Posted in books

The Casual Vacancy by J.K.Rowling

I would like to read JK Rowling’s latest novel The Casual Vacancy, which goes on sale on 27th September 2012 and is already set to be a bestseller with many shops already reporting big pre-order demands. The novel is set in  a town called Pagford which is, seemingly, an English idyll, full of  the hanging baskets, the war memorial, the scrubbed cottages, cobbled market square and an ancient abbey.

However behind its tourist-friendly façade all is not as rosy as it seems and  Pagford turns out to be a hot-bed of seething antagonism, passion, duplicity, rampant snobbery, sexual frustration and ill-disguised racism, all of which become apparent after  the mysterious death of a Parish Councillor named Barry Fairbrother a man of “boundless generosity of spirit” whose death in his early 40s leaves a space on the parish council,

This soon becomes the catalyst for the biggest  war the town has yet seen as the forces of darkness, led by scheming Howard Mollison, the obese delicatessen owner, seize their chance to get on the Parish Council in order to push through their plans regarding  a nearby run-down housing estate named “The Fields”, and reassign it to the district council of the nearby city, Yarvil, thereby off-loading responsibility for its drug-addled inhabitants, and driving them out of the catchment area for Pagford’s nice primary school.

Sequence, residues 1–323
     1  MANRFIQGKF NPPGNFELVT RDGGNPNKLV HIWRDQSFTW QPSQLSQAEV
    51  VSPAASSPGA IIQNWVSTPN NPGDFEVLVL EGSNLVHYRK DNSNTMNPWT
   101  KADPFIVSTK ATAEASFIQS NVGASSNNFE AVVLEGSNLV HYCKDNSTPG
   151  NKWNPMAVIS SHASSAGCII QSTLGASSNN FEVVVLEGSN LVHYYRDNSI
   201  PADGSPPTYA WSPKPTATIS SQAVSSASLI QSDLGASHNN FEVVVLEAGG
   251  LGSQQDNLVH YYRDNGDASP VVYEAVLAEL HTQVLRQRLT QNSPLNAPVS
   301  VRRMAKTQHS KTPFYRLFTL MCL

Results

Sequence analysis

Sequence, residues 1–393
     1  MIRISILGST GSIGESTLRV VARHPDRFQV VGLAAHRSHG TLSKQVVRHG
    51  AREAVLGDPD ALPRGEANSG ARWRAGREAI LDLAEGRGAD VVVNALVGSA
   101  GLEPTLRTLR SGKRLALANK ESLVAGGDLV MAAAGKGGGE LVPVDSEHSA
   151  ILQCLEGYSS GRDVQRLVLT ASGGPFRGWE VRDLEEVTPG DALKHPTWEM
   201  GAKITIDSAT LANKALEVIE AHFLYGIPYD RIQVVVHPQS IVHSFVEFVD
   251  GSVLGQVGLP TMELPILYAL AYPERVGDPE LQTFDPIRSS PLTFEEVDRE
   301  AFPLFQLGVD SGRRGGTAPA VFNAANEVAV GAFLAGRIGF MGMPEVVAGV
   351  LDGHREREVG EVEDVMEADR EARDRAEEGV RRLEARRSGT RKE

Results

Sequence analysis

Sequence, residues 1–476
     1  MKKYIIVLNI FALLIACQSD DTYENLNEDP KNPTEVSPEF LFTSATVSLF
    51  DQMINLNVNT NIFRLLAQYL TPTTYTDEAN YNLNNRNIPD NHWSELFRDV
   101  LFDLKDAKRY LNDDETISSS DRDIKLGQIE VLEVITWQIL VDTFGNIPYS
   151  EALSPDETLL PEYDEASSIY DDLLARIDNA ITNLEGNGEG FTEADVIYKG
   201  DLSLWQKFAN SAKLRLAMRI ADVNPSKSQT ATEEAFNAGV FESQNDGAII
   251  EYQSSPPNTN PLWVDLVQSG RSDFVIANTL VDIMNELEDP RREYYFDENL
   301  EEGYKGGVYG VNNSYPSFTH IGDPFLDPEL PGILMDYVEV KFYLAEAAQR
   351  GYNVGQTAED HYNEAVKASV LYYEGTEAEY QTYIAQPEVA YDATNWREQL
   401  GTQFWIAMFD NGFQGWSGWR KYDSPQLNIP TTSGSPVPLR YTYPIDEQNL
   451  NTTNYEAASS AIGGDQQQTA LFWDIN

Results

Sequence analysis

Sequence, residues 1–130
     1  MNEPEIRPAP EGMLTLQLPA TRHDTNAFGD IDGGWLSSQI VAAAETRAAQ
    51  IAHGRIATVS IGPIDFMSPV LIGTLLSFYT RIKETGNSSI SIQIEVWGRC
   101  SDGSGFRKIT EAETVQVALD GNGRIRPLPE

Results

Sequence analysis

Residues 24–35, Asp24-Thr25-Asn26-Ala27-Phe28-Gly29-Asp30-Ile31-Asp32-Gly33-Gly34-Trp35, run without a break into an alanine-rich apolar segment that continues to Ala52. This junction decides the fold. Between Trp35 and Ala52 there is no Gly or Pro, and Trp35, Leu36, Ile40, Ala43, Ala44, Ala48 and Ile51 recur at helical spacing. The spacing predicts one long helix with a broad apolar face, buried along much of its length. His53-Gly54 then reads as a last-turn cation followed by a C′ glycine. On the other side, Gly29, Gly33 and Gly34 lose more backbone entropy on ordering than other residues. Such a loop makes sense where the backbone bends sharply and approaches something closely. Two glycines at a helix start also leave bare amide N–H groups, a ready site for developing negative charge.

The 512-page Novel,  is described as a blackly comic, thought-provoking and constantly surprising’ comic tragedy, and the protagonist is a young woman with Obsessive Compulsive Disorder who lives in  “The Fields”  , and gets mixed up with prostitution and heroin addiction, whose character was inspired and shaped by J.K Rowling’s own teenage battle with Obsessive Compulsive Disorder, anxiety and depression.

There also seems to be a bit of a fuss being made over on Amazon, regarding the fact that the Kindle Edition costs more than the Hardback, which at the moment seems to be overshadowing the book itself.

Posted in music

Tribute to Robert Palmer